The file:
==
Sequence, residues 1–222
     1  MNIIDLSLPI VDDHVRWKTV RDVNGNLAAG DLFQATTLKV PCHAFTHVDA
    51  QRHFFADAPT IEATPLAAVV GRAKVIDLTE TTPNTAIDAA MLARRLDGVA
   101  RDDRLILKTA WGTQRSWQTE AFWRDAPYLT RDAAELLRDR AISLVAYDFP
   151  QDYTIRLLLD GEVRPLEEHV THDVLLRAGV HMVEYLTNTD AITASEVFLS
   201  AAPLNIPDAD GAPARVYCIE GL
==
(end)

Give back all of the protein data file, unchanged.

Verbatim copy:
Sequence, residues 1–222
     1  MNIIDLSLPI VDDHVRWKTV RDVNGNLAAG DLFQATTLKV PCHAFTHVDA
    51  QRHFFADAPT IEATPLAAVV GRAKVIDLTE TTPNTAIDAA MLARRLDGVA
   101  RDDRLILKTA WGTQRSWQTE AFWRDAPYLT RDAAELLRDR AISLVAYDFP
   151  QDYTIRLLLD GEVRPLEEHV THDVLLRAGV HMVEYLTNTD AITASEVFLS
   201  AAPLNIPDAD GAPARVYCIE GL